In the News Archive

Linking Flood and Drought Data to Water Safety Planning: Part 2

25 September 2018

Figure 1. The Flood and Drought Portal provides user with information relevant for planning for climate uncertainty (image source:

Figure 1. The Flood and Drought Portal provides user with information relevant for planning for climate uncertainty (image source:

Despite the abundance of datasets, utilities have noted a number of challenges with using the data/information including:

1. Understanding the importance or relevance of some datasets (e.g. many water utilities may not have the need to analyse or understand data associated with, for example, vegetation/agriculture or physical and socio-economic datasets),
2. Interpreting the data (i.e. what does this mean?), and
3. Incorporating the findings into their water safety planning processes and operations.

The aim of our project is to address the above challenges via the development of a guidance document to assist water utilities/municipalities with using/interpreting climate information from selected datasets (e.g. rainfall, temperature, rainfall forecasting, etc.) available on the Flood and Drought portal, and incorporating these findings into WSP processes. The team considered if the datasets can be used to indicate “wetter” or “drier” conditions, and the effect these conditions have on the hazards and hazardous events faced by a water utility. The main purpose of analysing a particular dataset is therefore to reach a conclusion which can be applied to the water safety plan process. In essence, we therefore aim to conclude whether things getting better, staying more or less the same, or getting worse. This will then help the utility to decide what their next steps should be (i.e. What are we going to do about it?).

*Note: Part 3 of this blog series will further discuss the conclusions and how to get to them.

Selecting datasets for analysis

Even though there are a large number of datasets available, we selected a few key datasets that we felt are necessary for analysis and incorporation into the water safety planning process. Initially, datasets were categorised as those that were only flood related, only drought related, and those that applied to both floods and droughts. Datasets were scrutinised and rigorously analysed using the following selection criteria.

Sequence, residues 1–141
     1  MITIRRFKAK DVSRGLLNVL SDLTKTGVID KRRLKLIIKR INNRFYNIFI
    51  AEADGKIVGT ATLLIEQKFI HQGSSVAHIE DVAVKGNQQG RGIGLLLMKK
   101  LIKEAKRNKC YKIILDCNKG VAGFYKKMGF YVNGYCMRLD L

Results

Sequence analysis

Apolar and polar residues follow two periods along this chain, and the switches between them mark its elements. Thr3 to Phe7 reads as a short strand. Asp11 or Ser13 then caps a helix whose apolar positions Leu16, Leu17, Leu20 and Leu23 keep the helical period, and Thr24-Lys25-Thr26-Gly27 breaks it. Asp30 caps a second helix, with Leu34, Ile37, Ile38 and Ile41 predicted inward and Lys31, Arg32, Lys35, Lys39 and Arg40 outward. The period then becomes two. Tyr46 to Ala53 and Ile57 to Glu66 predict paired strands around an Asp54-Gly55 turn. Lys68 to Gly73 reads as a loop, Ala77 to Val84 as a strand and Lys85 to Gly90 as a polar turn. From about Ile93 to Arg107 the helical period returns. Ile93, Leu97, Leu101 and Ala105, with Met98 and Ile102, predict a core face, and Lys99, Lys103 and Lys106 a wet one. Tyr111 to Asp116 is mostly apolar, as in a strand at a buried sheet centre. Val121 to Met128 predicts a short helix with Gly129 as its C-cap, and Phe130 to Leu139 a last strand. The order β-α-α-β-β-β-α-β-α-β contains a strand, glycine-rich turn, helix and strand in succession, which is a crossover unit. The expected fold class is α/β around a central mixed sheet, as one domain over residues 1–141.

Short-term dataset selection criteria

- Ease of use and analysis – These include datasets that are easy to understand and can be analysed with ease (i.e. requires no specialised skills or software).
- Can conclusions be drawn after analysing this data? – Will the user be able to determine if conditions are “wetter” or “drier”?
- Data Status – Even though most datasets are updated in near-real time, some datasets have been retired, and may not have data that is current (e.g. perhaps does not include 2018). For example, some river discharge datasets only have data up to the 1990’s. The data status was mainly applied to short-term analysis.
- Datasets that are most useful to water utilities globally – Which datasets would be most useful and of interest to water utilities and their operation in all regions of the globe?
- Data format – In what format is the data available within the portal (e.g. tables, time series data)? Some datasets may only be available in one format for example “raster”, which requires GIS software, which the utility might not have direct access to.

Long-term dataset selection criteria

In addition to the above short-term dataset selection criteria, an obvious additional criteria for selection of long-term datasets included:

- The ability to forecast long term climate – can datasets be used to forecast long-term trends in meteorological variables? This could require two or more datasets used in conjunction.

Using the above criteria, datasets were selected to be incorporated in the Water Safety Planning process, as summarised in Table 1 below.

Table 1: List of selected datasets for short or long-term climate analysis

For more information on the full list of datasets in the data and information application follow the link below.

The drought my hometown, Cape Town, is experiencing has shown some relief, but we as locals have to continue our water saving efforts if we are to ensure that we have sufficient water during the coming dry season. The images below are of the Theewaterskloof Dam, one of the most important dams feeding Cape Town with water. Figures 2 and 3 show the state of the dam in January 2018, and figure 4 shows the state of the dam and the recovery of the water levels, during August 2018.

Figure 2: Theewaterskloof dam during January 2018. Water levels were so low a group of people can easily walk on the dam bed.

Figure 3: The extremely low water levels in Theewaterskloof dam.

Figure 4: Theewaterskloof dam water levels during August 2018. Dam levels have recovered significantly since January 2018.

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